Fundamentally, then, Link’s Crossbow Training isn’t much more than a series of timed trials testing your accuracy skills regarding shooting in a number of Zelda themed environments. That doesn’t mean the quest for high scores and medallions isn’t less than engaging. There’s multiple strategies to attain the highest scores, some of which involve milking scarecrows scattered in the levels for points and finding hidden objects which pop your score upwards (with a wonderful little Triforce jingle too!). Still, to attain any high score you CANNOT miss, and this places a great deal of tension and stress on this less-than-two-minute sequences, enough that the term “hardcore” seems suitable enough to describe it.
Out of all the things reviewers could complain about in 2007, why criticize this game for length? Link’s Crossbow Training hearkens to the arcade games of old, where the quest for the high score by any means possible kept players in arcades. Here, unfortunately, the lack of online leaderboards sullies the experience a bit, but mastery will still bring the adventurous player back for more. That Zora Target Practice Level still gives me a ton of problems, and I really want to go back and see how I can increase my score.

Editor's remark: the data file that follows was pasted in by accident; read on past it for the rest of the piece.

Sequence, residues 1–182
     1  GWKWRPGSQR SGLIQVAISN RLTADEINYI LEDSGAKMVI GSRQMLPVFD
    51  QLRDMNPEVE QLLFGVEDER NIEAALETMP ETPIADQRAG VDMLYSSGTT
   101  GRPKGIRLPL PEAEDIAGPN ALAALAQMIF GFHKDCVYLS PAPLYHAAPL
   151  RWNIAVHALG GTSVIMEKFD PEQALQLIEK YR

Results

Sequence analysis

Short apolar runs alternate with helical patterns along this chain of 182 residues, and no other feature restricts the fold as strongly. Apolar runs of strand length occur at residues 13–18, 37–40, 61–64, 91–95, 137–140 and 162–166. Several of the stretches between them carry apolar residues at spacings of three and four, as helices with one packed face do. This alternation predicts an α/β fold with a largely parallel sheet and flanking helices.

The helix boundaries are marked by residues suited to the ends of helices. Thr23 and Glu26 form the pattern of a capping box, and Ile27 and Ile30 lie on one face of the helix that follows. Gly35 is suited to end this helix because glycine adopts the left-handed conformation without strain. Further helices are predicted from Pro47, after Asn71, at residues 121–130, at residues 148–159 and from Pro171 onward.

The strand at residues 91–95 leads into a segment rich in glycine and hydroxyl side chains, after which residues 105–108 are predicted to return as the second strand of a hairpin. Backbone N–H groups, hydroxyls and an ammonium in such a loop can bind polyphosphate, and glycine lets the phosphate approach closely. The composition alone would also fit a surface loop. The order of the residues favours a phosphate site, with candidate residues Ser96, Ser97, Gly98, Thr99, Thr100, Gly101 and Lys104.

Nintendo demonstrates the Wii Zapper with Link’s Crossbow Training, nothing more and nothing less. It works simply, but brilliantly, but we all know from the critics that games must grow up. Shooting things just doesn’t do it for us wise men anymore; we need storytelling raised to the level of a mediocre television show, or “realness” to get our kicks that we could easily find in other mediums. And yet, the child in me will see the brilliance of point, click, and shoot for as long as I possibly can hold a controller. I will have much more fun, let me assure you.
I found the simple objective refreshing, somewhat minimalist, and enjoyable as a palate cleanser to more complex fare. Sometimes, you just need something simple that challenges you via pure reflex, memorization, and good planning rather than a complex series of joystick movements (see: fighting games) or an overarching turn-based game taking many, many hours. Link’s Crossbow Training, at least for the few hours it remains relevant, fits that bill.
Is it as good as House of the Dead 2? No. But it’s a rather good, bite-sized arcade experience for a developer not well known for it. And that’s good cause to play it.
Intended Audience: People who like to shoot things, anything. Fantasy violence in Nintendo’s vein never comes anywhere close to objectionable, though I imagine it might frighten very, very young players on some level. Still, it’s tame and family friendly in any event.